Twitter suspended an unspecified number of fake accounts that were exploiting its API to match usernames to phone numbers. A “particularly high volume” of such requests came from IP addresses in Iran, Israel and Malaysia. The company further claimed that some of these IP addresses may be linked to state-sponsored actors.

But doesn’t Twitter offer that feature already? Yes, Twitter allows users to link their phone numbers to their accounts, and separately allows them to be searched by it. In this case, the API was exploited “beyond its intended use case”. People who did not opt in to this service were not exposed by this vulnerability.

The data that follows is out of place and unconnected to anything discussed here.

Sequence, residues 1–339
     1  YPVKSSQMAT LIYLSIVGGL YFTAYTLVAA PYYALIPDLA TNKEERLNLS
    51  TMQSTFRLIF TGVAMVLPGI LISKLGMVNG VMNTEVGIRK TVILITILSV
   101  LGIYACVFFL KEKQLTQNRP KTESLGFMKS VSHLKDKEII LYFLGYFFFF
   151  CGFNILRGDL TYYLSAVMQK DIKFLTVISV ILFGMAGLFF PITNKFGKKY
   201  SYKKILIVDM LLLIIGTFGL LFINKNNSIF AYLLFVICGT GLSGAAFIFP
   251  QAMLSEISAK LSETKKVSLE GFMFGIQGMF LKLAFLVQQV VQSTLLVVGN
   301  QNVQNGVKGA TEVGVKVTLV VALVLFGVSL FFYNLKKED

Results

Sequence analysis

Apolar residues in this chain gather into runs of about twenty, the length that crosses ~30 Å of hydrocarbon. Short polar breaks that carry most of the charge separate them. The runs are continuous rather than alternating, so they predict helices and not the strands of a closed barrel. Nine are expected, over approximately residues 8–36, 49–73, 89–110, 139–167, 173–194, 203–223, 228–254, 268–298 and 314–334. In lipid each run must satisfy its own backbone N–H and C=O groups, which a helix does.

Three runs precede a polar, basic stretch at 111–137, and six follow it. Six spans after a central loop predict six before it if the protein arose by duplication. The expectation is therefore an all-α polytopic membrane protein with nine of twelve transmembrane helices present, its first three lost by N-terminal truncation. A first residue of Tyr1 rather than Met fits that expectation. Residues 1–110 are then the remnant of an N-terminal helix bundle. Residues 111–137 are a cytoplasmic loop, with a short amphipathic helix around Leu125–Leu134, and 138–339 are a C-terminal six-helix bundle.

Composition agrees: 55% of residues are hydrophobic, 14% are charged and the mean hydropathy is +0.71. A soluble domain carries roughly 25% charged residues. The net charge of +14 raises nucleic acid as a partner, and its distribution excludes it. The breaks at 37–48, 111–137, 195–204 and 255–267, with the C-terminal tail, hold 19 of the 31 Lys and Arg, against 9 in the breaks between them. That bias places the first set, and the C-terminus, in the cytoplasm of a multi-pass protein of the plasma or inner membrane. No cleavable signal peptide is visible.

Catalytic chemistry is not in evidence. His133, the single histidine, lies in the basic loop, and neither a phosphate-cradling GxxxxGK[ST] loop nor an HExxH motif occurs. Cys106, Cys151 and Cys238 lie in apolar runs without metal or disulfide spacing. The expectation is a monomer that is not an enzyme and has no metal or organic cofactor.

What has Twitter done? Apart from suspending the fake accounts and any other accounts exploiting this vulnerability, it changed the API so that it “could no longer return specific account names in response to queries”.

When did Twitter learn about it? The company learnt about it on December 24. In December, TechCrunch had reported about this flaw through which a security researcher was able to match 17 million phone numbers to Twitter user accounts by exploiting a flaw in Twitter’s Android app.

Why is this a problem? As the security researcher had found in December, this API allowed users “to upload entire lists of generated phone numbers” in a randomised manner. This could have resulted in a huge data harvesting operation. TechCrunch had reported that they were able to identify a senior Israeli politician using their matched phone number.